PORTLAND, Maine — An attorney for the Maine Senate urged the state’s high court on Thursday to avert an “electoral crisis” by ruling on legal issues around a ranked-choice voting system that was supposed to be used in the June primaries, but is now in limbo.
But justices were often skeptical of his arguments, noting the political conflict around the first-in-the-nation system passed by Maine voters in 2016 that lingers in Augusta as the Legislature sits less than a week before they’re scheduled to adjourn for the year.
The Republican-led Maine Senate voted earlier this month to authorize legal action against Secretary of State Matt Dunlap. The move was intended to send several questions about ranked-choice voting to the Maine Supreme Judicial Court, which advised last year that the law is partially unconstitutional.
The fast-moving suit went before the high court for oral arguments a day after Superior Court Justice Michaela Murphy sent it there. Time is short, since Dunlap, a Democrat, has said he needs to design and print ballots to send to overseas absentee voters by as soon as next week.
It also came after Dunlap told lawmakers in late March that wording conflicts in Maine law may stop his office his office from implementing the law for the gubernatorial and congressional primaries in June. That was the plan after supporters filed a people’s veto effort for the same ballot that would nix a law passed last year to delay ranked-choice voting.
On Thursday, Senate attorney Tim Woodcock told justices that the Legislature never gave Dunlap the authority to fund ranked-choice elections under the Constitution and that he may not have authority to enlist state police or private couriers to take ballots to Augusta for ranked-choice tallying.
Murphy also ruled last week that the secretary of state must implement the ranked-choice system in a separate case last week that Dunlap has said he won’t appeal. Assistant Maine Attorney General Phyllis Gardiner, who is representing Dunlap, told the justices on Thursday that the secretary of state’s office has the necessary authority to implement the system.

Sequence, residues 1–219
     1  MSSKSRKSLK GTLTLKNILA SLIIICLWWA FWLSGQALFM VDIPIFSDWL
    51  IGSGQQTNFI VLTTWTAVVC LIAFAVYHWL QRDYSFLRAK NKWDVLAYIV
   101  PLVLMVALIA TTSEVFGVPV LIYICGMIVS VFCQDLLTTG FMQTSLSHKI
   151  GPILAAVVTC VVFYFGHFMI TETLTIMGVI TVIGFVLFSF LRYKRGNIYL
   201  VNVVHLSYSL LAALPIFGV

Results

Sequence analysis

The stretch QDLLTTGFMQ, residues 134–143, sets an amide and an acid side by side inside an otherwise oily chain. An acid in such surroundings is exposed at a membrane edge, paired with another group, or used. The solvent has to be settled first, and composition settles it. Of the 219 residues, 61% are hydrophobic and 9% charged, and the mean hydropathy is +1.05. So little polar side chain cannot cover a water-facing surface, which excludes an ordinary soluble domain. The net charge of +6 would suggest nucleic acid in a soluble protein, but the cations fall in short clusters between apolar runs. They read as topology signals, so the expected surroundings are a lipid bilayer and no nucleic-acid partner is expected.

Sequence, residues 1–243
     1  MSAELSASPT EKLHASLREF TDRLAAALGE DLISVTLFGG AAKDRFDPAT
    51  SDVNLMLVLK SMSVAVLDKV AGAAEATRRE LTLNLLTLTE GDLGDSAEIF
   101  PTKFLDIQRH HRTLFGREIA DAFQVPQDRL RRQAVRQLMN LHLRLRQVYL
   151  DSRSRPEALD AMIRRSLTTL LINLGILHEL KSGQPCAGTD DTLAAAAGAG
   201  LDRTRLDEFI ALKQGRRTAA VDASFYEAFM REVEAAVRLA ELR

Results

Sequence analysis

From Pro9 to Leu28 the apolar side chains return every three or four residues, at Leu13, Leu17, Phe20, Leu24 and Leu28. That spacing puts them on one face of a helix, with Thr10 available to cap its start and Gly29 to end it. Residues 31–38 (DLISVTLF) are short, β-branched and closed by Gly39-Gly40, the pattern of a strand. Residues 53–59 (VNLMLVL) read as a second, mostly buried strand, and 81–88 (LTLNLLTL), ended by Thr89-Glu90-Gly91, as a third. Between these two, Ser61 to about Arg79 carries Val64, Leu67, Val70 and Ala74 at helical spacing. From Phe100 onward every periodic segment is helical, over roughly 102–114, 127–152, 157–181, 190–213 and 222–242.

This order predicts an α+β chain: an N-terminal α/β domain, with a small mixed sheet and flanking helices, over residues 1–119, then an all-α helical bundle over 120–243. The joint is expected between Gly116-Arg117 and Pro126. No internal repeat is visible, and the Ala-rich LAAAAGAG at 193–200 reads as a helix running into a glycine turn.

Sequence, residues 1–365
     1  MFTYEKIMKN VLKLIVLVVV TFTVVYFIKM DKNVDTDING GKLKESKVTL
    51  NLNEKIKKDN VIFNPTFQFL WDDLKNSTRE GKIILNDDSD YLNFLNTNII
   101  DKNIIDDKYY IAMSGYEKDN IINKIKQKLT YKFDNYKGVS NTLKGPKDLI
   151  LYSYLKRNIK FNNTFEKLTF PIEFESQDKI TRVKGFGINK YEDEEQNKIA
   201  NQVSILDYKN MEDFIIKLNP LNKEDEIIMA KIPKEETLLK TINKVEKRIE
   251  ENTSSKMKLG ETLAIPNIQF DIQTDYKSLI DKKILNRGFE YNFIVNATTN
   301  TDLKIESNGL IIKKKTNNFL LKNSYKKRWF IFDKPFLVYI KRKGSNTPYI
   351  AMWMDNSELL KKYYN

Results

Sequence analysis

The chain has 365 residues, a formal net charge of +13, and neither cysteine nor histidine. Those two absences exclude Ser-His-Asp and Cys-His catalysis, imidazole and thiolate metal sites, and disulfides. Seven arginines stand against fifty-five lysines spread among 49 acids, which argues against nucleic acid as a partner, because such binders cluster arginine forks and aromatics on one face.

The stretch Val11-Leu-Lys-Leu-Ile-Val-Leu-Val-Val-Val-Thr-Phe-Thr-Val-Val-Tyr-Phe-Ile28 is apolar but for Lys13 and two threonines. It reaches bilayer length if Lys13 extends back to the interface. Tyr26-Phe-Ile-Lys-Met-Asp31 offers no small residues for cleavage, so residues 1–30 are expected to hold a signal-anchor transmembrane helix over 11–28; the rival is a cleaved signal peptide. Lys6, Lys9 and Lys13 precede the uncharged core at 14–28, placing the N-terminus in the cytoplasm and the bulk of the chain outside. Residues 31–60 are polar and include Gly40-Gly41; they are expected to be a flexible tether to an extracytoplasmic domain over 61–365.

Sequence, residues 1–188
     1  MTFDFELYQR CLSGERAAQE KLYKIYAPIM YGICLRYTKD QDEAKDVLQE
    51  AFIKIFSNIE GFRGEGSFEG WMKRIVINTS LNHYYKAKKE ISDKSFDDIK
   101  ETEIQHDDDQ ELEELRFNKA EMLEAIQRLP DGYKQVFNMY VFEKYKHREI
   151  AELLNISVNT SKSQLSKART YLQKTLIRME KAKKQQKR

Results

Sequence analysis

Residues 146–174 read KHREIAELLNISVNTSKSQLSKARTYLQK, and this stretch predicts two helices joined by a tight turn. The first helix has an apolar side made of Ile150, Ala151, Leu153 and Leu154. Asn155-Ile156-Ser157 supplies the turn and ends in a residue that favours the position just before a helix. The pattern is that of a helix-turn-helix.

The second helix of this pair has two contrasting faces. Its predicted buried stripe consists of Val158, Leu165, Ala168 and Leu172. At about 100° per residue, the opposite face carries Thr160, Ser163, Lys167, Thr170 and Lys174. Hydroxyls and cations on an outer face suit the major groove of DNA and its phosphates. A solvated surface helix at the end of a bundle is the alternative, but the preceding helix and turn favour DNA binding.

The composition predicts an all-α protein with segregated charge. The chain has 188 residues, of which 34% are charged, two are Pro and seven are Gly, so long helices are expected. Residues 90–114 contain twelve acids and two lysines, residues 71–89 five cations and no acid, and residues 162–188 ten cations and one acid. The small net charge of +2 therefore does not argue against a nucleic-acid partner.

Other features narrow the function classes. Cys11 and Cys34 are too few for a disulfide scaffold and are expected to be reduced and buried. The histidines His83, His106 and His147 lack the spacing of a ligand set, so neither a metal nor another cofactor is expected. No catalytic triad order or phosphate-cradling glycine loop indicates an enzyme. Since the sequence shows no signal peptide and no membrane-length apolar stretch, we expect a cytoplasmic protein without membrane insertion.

Justices seemed to take a dim view of some of the Senate’s arguments, noting that ranked-choice voting has become a political issue. All but four Democrats opposed the Senate’s move to sue Dunlap and the Democratic-led House of Representatives isn’t part of the case.
Justice Ellen Gorman asked Woodcock that “if it were truly worried” about legal issues around the new system, the Legislature “could take some action between now and the day of its closing bell” scheduled for April 18 “rather than bringing action on the third branch of government to bring things to a standstill.”
But Woodcock replied that there is “no consensus” in the Legislature, saying that lawmakers want to head off a legal challenge to Maine’s election system after an election is over.
“We have one chamber of the Legislature here who is looking for guidance on this,” he said. “We are trying to get ahead of what we see as a looming electoral crisis.”
In ranked-choice elections, voters choose multiple candidates in order of their preference. If no candidate garners more than 50 percent of the total vote, the last-place finisher is eliminated and the second choices of voters who cast ballots for that candidate are used in a retabulation. The process repeats until a winner emerges with a majority of the votes.
The court has several options, including striking down the ranked-choice voting law, upholding it, flagging certain constitutional issues or refusing to rule. It’s unclear when the high court will make its final decision.
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